What are the four leadership styles of Situational leadership?

Situational Leadership: Telling. Telling is the lowest level of leadership style.

  • Situational Leadership: Selling. Selling addresses the follower who has developed some competence with an improved commitment.
  • Situational Leadership: Participating.
  • Situational Leadership: Delegating.
  • What are the weaknesses of a situational leader?


    • Could cause confusion if a leader constantly changes their approach.
    • Might neglect long-term goals since it typically focuses on short-term goals.
    • Its flexible nature may not bode well in work environments with repetitive tasks.
    • Requires the ability to assess an employee’s maturity level.

    What does D stand for in situational leadership?

    Stages of employee development in Situational Leadership® Low Competence: High Commitment. Some Competence: Low Commitment. High Competence: Variable Commitment. High Competence: High Commitment.

    What are the 3 skills of SLII?

    To become effective as an SLII® leader, you must master these three skills:

    • Goal Setting. All good performance starts with clear goals.
    • Diagnosis. You must diagnose the development level of your direct reports on each of their goals and tasks by looking at two factors—competence and commitment.
    • Matching.

    Who is a famous situational leader?

    General George Patton is one of American military’s most revered leaders and a perfect example of a situational leader. General Patton didn’t just lead in the battlefield, but during his time with the military, he also produced several papers on military and war strategy.

    What is SLII model?

    LEADERSHIP MODEL. SLII is an easy-to-understand, practical framework that enables your managers to diagnose the development level of an employee for a task: D1 – Enthusiastic Beginner; D2 – Disillusioned Learner; D3 – Capable, but Cautious, Contributor; and D4 – Self-Reliant Achiever.

    What does SLII mean?


    Acronym Definition
    SLII Situational Leadership II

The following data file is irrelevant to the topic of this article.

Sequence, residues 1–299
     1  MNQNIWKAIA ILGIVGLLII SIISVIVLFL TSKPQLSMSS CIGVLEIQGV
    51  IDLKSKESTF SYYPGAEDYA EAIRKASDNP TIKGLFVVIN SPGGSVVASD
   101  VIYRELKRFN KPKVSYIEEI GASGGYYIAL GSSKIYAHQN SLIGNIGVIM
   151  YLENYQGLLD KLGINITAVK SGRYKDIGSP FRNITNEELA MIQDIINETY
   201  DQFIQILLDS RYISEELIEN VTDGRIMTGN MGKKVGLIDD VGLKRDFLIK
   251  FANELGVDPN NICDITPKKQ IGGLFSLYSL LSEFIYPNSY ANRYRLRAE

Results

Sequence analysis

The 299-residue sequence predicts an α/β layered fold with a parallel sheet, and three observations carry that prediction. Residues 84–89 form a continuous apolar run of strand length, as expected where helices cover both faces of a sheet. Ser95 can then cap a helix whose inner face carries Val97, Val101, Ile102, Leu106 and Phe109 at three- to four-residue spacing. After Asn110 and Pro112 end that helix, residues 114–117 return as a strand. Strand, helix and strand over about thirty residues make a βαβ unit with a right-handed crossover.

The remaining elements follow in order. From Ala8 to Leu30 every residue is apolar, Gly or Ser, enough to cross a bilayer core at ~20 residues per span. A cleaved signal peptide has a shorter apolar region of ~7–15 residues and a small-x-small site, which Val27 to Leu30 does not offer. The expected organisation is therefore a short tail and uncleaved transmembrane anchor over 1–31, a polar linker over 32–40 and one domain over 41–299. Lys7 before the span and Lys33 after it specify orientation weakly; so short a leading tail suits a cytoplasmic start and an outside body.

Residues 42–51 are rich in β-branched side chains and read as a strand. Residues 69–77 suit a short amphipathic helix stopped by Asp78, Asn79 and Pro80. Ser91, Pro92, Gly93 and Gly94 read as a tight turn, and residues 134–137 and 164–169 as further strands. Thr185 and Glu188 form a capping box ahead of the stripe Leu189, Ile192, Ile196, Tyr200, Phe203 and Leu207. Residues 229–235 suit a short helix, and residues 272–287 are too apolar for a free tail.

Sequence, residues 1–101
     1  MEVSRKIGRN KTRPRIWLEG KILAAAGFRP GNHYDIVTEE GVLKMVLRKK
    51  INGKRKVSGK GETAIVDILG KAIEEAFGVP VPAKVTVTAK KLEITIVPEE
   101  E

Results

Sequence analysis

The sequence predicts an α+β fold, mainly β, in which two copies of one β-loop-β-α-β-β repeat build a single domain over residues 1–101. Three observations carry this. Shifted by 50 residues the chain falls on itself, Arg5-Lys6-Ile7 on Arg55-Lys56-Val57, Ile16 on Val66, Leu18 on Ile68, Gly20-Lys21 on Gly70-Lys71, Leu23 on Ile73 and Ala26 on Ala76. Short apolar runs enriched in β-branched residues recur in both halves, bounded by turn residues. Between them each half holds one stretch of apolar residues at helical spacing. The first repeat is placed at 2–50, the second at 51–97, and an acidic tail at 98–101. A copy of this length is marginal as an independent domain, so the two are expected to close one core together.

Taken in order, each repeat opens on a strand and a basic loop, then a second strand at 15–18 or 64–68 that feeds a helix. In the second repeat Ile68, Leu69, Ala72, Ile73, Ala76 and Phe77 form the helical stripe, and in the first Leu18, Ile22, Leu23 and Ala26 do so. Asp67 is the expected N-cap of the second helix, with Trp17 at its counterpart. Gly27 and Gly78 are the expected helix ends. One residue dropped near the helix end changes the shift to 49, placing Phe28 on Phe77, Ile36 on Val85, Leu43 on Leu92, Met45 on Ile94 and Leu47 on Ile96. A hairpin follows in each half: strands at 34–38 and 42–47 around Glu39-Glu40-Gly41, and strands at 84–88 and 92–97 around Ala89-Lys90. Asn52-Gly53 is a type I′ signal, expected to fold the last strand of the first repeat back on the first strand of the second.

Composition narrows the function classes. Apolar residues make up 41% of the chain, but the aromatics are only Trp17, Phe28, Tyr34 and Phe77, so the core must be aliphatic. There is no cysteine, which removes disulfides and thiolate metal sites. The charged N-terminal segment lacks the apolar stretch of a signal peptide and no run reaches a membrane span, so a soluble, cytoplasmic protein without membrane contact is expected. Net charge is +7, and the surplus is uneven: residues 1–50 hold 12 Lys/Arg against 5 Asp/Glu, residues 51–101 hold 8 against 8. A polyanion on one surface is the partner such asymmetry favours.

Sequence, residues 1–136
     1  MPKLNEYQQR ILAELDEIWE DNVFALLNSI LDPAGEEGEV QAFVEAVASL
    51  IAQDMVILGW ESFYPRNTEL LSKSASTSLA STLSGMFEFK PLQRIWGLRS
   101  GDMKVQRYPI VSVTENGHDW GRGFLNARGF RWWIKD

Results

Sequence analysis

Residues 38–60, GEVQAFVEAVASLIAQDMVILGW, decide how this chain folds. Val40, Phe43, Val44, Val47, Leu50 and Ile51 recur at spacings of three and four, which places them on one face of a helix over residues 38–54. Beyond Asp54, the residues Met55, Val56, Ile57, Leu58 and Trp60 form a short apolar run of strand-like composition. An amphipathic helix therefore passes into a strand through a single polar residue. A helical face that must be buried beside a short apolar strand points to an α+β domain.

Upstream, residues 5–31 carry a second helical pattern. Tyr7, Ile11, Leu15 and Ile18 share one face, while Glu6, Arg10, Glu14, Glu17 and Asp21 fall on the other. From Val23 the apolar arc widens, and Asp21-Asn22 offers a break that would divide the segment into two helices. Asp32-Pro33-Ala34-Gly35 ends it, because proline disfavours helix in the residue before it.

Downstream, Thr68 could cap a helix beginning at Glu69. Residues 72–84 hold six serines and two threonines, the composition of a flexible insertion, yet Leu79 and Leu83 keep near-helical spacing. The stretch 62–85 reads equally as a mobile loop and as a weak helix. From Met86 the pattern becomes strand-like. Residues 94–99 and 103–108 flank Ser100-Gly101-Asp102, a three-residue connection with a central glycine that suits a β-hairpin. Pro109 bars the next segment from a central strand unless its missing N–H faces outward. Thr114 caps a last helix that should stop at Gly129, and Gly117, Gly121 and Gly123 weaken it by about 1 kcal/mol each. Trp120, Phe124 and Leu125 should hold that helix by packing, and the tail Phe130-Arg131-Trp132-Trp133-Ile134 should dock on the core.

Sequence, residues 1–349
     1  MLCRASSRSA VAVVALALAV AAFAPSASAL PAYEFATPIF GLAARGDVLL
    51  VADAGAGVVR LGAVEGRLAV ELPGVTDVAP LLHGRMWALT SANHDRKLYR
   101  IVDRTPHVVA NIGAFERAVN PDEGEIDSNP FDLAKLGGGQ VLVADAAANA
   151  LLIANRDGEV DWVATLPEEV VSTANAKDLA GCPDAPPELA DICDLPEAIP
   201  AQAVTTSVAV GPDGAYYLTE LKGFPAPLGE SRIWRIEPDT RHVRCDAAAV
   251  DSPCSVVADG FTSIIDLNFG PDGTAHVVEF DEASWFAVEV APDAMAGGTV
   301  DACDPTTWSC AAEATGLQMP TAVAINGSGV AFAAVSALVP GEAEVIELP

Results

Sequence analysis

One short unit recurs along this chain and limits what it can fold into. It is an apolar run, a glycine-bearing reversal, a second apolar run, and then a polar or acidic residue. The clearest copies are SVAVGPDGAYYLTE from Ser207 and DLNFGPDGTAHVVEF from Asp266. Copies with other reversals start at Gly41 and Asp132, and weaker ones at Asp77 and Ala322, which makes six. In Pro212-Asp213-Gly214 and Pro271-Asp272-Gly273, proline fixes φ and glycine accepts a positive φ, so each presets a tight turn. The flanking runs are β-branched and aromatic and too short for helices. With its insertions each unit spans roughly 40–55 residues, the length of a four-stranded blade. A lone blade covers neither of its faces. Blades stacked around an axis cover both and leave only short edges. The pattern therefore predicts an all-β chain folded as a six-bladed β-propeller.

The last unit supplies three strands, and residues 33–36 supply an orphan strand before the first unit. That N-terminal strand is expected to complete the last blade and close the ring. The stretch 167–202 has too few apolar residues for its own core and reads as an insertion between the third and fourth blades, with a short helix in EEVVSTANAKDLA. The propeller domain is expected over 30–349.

SLII Southwestern Louisiana Industrial Institute (now University of Louisiana at Lafayette)
    SLII SNC-Lavalin International Inc. (engineering; Montreal, Quebec, Canada)

    Who developed situational leadership theory?

    In 1969, Blanchard and Hersey developed Situational Leadership® Theory in their classic book Management of Organizational Behavior. This theory was first called the “Life Cycle Theory of Leadership.” During the mid-1970s, it was renamed the Situational Leadership® Theory.

    What are the purposes of SLII?

    “Situational Leadership® II (SLII®) is a model that teaches managers how to set clear goals, diagnose development levels, and determine the correct leadership style to bring out the best in people. It provides a foundational management framework” (Ken Blanchard).

    What are the 3 skills of a situational leader?

    To become an effective situational leader, you need to master three skills:

    • Diagnosis.
    • Flexibility.
    • Partnering for Performance.

    Who is the founder of contingency theory?

    Professor Fred Fiedler
    The theory was developed in the 1960s by Austrian psychologist, Professor Fred Fiedler. He studied leaders’ personalities and characteristics and came to the conclusion that leadership style, since it is formed through one’s life experiences, is incredibly difficult, if not impossible, to change.

    Who is the father of contingency theory?

    psychologist Fred Edward Fiedler
    The contingency theory of leadership was proposed by the Austrian psychologist Fred Edward Fiedler in his landmark 1964 article, “A Contingency Model of Leadership Effectiveness.” The contingency theory emphasizes the importance of both the leader’s personality and the situation in which that leader operates.

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